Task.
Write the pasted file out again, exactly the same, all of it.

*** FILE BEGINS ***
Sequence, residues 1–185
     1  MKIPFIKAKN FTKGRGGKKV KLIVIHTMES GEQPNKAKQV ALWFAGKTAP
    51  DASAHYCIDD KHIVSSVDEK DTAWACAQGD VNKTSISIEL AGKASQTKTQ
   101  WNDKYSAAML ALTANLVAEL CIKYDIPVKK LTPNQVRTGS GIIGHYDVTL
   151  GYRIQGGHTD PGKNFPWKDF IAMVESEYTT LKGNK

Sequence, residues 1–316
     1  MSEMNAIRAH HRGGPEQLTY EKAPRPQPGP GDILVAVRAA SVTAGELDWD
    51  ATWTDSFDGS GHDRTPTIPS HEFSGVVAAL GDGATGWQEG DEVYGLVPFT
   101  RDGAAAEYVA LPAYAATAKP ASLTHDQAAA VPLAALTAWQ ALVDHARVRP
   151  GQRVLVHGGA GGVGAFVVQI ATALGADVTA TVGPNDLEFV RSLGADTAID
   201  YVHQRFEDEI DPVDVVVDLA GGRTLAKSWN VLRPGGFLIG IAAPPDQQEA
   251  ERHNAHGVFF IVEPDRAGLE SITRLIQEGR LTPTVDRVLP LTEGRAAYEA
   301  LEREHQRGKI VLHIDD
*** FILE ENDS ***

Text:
Sequence, residues 1–185
     1  MKIPFIKAKN FTKGRGGKKV KLIVIHTMES GEQPNKAKQV ALWFAGKTAP
    51  DASAHYCIDD KHIVSSVDEK DTAWACAQGD VNKTSISIEL AGKASQTKTQ
   101  WNDKYSAAML ALTANLVAEL CIKYDIPVKK LTPNQVRTGS GIIGHYDVTL
   151  GYRIQGGHTD PGKNFPWKDF IAMVESEYTT LKGNK

Sequence, residues 1–316
     1  MSEMNAIRAH HRGGPEQLTY EKAPRPQPGP GDILVAVRAA SVTAGELDWD
    51  ATWTDSFDGS GHDRTPTIPS HEFSGVVAAL GDGATGWQEG DEVYGLVPFT
   101  RDGAAAEYVA LPAYAATAKP ASLTHDQAAA VPLAALTAWQ ALVDHARVRP
   151  GQRVLVHGGA GGVGAFVVQI ATALGADVTA TVGPNDLEFV RSLGADTAID
   201  YVHQRFEDEI DPVDVVVDLA GGRTLAKSWN VLRPGGFLIG IAAPPDQQEA
   251  ERHNAHGVFF IVEPDRAGLE SITRLIQEGR LTPTVDRVLP LTEGRAAYEA
   301  LEREHQRGKI VLHIDD